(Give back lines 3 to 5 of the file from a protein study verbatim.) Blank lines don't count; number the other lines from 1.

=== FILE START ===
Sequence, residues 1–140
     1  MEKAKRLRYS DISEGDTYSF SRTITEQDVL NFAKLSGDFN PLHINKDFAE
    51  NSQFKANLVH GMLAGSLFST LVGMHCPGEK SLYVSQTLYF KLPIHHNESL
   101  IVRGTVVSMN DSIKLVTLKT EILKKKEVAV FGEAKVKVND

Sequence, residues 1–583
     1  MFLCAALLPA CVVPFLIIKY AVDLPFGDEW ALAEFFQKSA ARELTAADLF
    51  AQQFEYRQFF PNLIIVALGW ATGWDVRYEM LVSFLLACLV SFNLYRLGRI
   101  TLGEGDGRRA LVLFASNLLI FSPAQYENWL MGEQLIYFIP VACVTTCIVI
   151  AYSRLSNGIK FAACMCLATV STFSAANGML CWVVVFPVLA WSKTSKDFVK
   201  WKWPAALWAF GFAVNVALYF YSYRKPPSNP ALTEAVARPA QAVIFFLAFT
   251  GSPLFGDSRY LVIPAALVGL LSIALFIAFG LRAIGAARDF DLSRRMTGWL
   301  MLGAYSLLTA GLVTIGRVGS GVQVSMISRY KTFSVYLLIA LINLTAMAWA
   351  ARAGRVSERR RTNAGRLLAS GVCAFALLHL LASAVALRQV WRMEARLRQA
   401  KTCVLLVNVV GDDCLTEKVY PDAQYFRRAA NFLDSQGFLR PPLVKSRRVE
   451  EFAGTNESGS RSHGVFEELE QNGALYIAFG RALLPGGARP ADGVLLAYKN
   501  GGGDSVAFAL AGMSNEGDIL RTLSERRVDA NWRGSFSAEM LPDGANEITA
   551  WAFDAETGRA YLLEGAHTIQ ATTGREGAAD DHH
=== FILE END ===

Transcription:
    51  NSQFKANLVH GMLAGSLFST LVGMHCPGEK SLYVSQTLYF KLPIHHNESL
   101  IVRGTVVSMN DSIKLVTLKT EILKKKEVAV FGEAKVKVND

Sequence, residues 1–583